Extended couples counseling

An extended process of counseling includes on average five meetings: one session every 2 to 4 weeks. The counselor observes the threat of violence and changes in the relationship that occur during and between sessions. If necessary, the couples counseling will be terminated.

The couple, with the support of the counselor, defines goals for their counseling process. However, it is often necessary to limit the topics that will be addressed during the sessions. Couples counseling allows the couple to relate their individual views about the conflicts that occur in their relationship. The goal is to gain an understanding of the causes of these conflicts and why they cannot be resolved verbally. If he detects any harmful behavior during meetings, the counselor intervenes, identifies the behavior and prevents the conflict from escalating.

3 Lyömätön Linja peer group

The group consists of 5-8 men and two counselors. Prior to beginning group work, clients attend individual sessions with a counselor.

The counselors will interview clients who are interested in participating in the group. The purpose of the interview is to explain the practical aspects of group work and what the client can expect from it. The counselors also assess the client’s motivation and suitability for group work.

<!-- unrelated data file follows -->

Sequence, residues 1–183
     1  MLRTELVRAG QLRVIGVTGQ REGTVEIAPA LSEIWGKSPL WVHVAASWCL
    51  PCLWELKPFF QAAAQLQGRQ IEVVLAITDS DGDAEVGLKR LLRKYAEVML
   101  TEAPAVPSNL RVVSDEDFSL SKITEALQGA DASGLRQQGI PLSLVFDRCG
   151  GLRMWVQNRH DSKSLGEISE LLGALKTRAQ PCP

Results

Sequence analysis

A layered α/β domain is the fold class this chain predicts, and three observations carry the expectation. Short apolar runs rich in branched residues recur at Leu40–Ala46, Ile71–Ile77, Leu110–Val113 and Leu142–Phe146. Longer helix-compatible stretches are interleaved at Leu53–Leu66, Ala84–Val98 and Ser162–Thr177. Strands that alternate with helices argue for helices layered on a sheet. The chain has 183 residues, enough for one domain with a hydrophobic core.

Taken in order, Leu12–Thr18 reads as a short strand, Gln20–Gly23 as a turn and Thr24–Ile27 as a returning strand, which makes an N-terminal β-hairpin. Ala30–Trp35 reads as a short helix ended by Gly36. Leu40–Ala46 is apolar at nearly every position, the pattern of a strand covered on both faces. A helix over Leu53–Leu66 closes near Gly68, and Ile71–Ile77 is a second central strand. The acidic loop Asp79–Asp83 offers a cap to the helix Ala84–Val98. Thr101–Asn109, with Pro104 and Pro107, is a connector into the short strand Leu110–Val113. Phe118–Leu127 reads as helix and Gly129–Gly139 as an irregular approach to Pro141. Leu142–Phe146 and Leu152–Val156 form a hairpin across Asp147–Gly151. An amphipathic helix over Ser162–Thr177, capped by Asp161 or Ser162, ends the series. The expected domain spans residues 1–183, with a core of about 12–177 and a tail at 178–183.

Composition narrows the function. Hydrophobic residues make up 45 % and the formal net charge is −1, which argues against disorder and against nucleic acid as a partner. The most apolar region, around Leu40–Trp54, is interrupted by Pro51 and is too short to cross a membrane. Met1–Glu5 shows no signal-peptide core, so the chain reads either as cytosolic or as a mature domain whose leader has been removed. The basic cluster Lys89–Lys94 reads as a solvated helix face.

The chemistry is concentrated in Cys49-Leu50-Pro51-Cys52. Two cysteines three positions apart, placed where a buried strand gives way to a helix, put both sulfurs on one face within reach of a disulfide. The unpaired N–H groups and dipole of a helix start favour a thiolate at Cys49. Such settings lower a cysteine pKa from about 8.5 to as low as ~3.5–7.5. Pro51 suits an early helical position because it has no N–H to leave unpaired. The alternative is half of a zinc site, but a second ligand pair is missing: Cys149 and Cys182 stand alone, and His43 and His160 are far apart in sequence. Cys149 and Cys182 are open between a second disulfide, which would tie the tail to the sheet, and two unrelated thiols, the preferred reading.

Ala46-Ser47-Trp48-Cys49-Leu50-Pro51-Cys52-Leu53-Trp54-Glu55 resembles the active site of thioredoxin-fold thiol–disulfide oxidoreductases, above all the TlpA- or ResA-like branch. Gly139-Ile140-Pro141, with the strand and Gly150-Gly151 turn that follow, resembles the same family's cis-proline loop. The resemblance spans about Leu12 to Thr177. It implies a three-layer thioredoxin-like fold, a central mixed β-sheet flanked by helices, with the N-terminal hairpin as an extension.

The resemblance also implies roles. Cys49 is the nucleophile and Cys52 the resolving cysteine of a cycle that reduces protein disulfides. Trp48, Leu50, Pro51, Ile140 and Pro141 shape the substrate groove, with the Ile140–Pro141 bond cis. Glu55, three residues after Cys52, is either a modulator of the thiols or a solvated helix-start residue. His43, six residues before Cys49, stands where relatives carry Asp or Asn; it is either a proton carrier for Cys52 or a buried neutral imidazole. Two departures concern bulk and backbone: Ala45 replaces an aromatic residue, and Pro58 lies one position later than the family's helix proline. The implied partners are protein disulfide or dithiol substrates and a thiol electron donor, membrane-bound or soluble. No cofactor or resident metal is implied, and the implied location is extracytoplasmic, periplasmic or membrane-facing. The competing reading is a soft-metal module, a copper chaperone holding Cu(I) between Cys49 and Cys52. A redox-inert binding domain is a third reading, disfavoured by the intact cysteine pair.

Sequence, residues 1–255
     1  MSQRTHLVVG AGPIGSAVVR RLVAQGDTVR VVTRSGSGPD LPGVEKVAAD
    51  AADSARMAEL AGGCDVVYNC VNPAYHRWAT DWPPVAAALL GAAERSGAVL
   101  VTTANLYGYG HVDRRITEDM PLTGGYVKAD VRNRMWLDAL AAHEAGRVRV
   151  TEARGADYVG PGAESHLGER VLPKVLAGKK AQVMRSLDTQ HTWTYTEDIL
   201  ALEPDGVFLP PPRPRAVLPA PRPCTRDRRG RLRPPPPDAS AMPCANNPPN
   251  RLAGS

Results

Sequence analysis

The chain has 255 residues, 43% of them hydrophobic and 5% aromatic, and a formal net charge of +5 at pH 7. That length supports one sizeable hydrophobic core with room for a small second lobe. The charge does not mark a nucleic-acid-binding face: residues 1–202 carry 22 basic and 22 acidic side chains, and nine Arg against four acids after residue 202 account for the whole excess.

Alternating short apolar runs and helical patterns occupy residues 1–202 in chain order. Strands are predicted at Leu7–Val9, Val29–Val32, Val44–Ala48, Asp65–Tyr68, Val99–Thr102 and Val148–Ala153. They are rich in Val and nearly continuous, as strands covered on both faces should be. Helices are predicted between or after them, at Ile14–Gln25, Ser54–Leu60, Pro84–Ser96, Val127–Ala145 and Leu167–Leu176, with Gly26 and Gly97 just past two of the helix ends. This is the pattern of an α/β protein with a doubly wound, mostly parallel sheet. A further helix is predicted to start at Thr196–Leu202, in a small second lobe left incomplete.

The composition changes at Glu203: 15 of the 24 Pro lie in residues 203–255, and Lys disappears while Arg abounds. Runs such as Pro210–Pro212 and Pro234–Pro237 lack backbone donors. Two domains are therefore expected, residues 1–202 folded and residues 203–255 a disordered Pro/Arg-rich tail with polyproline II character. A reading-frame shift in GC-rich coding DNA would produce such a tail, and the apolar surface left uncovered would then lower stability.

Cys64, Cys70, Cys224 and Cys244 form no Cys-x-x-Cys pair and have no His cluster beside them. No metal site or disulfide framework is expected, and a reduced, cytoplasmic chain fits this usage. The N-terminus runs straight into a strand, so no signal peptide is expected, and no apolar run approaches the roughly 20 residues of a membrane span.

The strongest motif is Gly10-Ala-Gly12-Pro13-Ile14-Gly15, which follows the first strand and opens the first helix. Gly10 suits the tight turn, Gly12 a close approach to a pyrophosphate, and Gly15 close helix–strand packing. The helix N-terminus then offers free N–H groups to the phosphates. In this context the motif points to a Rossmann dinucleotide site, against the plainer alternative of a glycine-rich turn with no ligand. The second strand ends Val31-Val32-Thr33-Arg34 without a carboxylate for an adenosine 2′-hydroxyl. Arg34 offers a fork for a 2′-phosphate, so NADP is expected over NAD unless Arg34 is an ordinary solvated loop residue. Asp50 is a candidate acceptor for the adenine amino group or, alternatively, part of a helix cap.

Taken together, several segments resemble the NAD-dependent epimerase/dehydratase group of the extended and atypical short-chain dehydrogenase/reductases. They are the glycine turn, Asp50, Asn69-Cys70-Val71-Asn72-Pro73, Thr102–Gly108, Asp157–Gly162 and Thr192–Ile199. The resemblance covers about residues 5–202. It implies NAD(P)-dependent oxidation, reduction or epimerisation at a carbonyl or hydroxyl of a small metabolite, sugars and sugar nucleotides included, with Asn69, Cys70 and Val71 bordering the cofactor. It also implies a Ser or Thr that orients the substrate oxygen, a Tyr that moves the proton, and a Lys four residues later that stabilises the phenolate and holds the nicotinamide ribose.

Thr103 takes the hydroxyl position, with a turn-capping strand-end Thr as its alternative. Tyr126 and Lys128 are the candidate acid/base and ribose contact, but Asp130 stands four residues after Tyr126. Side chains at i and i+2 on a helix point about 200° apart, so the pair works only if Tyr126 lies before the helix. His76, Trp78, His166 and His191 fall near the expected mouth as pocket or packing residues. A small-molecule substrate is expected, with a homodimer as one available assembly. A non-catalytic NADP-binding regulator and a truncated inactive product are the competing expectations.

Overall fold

Conditions for attending the group

The client is motivated to process his problem with aggressive behavior in a group setting.

The client is able to commit to the group at minimum for 2 months and up to 18 months.

Group work guidelines

No specific themes are set for the group. Group work begins with a member of the group relating their ongoing or past experiences.

The floor is open. Anyone can share their experiences and feelings freely. You may – and should – ask questions about and comment on the experiences other members share in the group.

The goal of the group is to find non-violent ways of acting in a relationship. Secure relationships, safe parenting and men’s wellbeing are common topics discussed in the group.

Individual sessions or couples counseling will not be offered during group work.

Members will provide feedback on the group twice a year and six months after the group has ended.

If a member wishes to leave the group during the process, he must inform the group at least one month in advance, ensuring that the group can process the situation and find a new member.